Everything Is

☣ The oozing-everywhere phase of this cold meshed in with the incessant coughing phase. I slept hard Wednesday and Thursday and now my symptoms are noticeably less (and fewer!). If I am truly on the mend (and not getting a reprieve while the virus is dormant and mustering or something) then this will have been a short, merciful cold. Wakier today, I’m still not yet straying far from the bed.

Stop Complaining So Much!

There’s an old fable I heard long ago. I heard it as a Buddhist story. Maybe it’s a Zen koan:

A miner is picking away at a mountain. It is hot and dusty, and he is thirsty and tired and his taskmaster is a total jerk.

Suddenly, by the grace of the heavens (id est, for no reason whatsoever), he is the taskmaster with a good fifteen miners under his watch. For a moment, he’s drunk with power, and enjoys ordering them around, but then in a flash of perspective he doubles water rations, and lets up on barking at the miners.

But then the water runs out early, and the team goes home with only a partial day’s work, and his foreman is livid for his team’s underperformance. Stupid foreman.

But then he becomes the foreman. As foreman he adds extra water to the daily ration for each team…but that requires more mules, and he’s already over budget and behind schedule. And the seneschal is telling him he’s the bottleneck.

And then he’s the seneschal …and then the duke …and then the trade secretary …and eventually the king. As king he’s beleaguered by blights in the farms and resource shortages by the masons and angry guildsmen who hate his set market prices and… well, no one likes paying their taxes. Ever.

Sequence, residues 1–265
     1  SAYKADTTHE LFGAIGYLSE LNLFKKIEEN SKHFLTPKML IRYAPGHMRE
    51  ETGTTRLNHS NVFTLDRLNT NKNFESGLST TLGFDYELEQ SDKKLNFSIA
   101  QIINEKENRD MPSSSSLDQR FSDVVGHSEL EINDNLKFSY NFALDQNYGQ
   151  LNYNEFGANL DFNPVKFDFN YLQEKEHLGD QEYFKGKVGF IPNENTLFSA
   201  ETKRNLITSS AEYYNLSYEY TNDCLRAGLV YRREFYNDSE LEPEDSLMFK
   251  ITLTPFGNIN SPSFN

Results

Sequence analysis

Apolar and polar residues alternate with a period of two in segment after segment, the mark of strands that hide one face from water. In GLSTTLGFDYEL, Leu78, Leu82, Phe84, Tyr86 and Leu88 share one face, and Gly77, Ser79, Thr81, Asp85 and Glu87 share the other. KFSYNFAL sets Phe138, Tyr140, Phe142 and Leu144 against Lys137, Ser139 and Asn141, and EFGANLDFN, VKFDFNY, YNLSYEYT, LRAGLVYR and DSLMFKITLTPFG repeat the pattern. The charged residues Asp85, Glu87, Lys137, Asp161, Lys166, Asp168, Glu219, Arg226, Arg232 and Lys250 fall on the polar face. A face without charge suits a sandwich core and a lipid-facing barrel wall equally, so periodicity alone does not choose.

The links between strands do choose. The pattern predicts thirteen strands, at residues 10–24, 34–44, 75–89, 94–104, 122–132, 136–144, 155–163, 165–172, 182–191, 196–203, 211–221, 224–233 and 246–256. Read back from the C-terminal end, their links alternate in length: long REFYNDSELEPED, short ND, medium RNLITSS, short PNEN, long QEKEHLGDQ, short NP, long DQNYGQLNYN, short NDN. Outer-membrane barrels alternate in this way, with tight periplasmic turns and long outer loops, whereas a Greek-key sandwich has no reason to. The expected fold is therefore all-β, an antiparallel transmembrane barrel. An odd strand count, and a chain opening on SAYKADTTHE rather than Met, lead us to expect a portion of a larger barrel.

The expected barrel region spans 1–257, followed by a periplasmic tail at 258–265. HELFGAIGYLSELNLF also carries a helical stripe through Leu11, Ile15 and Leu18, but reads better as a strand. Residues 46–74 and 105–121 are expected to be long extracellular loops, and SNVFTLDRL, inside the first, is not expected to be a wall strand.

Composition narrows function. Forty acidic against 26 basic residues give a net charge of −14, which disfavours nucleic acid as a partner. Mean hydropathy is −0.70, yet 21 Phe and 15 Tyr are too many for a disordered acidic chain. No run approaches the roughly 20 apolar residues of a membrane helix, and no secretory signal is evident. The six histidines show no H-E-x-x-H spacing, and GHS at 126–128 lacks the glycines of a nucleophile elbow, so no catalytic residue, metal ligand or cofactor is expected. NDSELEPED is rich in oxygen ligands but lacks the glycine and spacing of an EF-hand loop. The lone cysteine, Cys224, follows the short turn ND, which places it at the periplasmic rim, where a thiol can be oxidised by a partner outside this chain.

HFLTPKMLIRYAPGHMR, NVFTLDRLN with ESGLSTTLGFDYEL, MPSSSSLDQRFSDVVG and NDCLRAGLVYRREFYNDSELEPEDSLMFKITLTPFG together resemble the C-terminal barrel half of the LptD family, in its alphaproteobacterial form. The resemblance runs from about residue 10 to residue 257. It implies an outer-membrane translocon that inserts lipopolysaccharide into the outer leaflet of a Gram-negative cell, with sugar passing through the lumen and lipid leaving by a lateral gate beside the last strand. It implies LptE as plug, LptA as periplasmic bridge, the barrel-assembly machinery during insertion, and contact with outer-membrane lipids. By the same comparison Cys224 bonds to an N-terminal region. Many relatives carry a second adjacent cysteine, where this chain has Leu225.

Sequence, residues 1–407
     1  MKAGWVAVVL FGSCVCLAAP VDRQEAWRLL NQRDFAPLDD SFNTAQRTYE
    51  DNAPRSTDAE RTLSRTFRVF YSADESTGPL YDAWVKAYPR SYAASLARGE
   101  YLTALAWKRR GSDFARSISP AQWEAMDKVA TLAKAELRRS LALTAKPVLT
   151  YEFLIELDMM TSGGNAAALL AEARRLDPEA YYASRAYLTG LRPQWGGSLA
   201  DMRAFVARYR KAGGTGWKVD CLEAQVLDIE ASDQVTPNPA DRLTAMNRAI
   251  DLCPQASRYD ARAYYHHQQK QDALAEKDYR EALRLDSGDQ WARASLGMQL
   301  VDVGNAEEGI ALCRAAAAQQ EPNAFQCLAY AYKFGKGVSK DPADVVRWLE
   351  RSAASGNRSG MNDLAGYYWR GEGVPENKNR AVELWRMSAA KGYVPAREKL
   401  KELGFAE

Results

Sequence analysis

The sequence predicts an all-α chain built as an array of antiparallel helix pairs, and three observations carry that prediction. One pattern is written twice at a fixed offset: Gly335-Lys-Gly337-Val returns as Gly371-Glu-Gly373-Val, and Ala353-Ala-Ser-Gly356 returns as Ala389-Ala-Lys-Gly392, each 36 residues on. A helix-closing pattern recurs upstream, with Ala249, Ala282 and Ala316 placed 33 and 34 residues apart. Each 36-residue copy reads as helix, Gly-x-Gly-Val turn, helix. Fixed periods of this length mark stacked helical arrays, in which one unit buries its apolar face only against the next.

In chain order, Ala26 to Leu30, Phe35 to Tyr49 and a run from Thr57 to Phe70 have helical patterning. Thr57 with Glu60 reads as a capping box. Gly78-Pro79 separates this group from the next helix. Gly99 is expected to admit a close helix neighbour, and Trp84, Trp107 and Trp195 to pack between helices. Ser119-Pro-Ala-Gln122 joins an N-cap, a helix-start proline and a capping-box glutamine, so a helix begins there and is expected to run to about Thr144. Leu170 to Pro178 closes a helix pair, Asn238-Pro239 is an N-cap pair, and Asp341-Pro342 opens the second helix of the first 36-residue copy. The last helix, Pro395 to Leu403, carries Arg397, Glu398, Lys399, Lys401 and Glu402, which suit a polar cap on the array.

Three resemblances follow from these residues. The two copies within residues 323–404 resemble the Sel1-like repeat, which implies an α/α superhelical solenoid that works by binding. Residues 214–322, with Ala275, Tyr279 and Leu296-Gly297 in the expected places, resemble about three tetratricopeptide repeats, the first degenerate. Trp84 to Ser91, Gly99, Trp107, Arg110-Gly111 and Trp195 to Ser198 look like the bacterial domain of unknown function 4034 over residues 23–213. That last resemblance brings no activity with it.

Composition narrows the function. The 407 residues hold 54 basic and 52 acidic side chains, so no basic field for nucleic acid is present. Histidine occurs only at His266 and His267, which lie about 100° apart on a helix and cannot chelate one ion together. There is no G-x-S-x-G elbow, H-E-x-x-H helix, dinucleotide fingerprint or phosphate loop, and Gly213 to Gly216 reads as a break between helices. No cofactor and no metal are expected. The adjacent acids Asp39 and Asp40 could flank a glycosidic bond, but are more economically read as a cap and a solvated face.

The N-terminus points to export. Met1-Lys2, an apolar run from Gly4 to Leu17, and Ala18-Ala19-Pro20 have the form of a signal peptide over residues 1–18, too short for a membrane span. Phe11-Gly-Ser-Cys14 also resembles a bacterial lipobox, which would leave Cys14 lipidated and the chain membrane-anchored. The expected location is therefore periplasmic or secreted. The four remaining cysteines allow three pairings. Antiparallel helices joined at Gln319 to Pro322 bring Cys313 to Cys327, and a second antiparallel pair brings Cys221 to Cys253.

But then he becomes the lowlands, underneath the city and all the farms. But then his well being depends on the weather. Too much snow, not enough rain, too much sun, no wonder he can’t grow anything! He becomes the winds and can run around everywhere! And has to run around every damn day gathering moisture enough to wet the lands, and then there’s that stupid mountain range that won’t let him go inland.

And he becomes the mountain and can feel those pesky miners picking away at him.

Make Me One With Everything!

Everything is a game about perspective, at looking at the world from any other position in the world. The controls allow me to swap from any one thing in the game to any other thing in the game. I can become sunflower pollen or a mountain lion or a mosquito or a biplane or a beluga whale or the Aura Borealis or an iceberg or a planet and so on. I have the power to descend (become something smaller) or ascend (become something bigger), and can keep doing so until I AM EVERYTHING!

Then again, once I’m what I want to be, there’s little to do, except become other things. An early effort to mass a legion of ants and assault a snail resulted only in the ants toodling around the snail acknowledging its existence just enough to not walk into or over it. All the things are, but none of them do anything except wander about. They don’t interact with each other at all.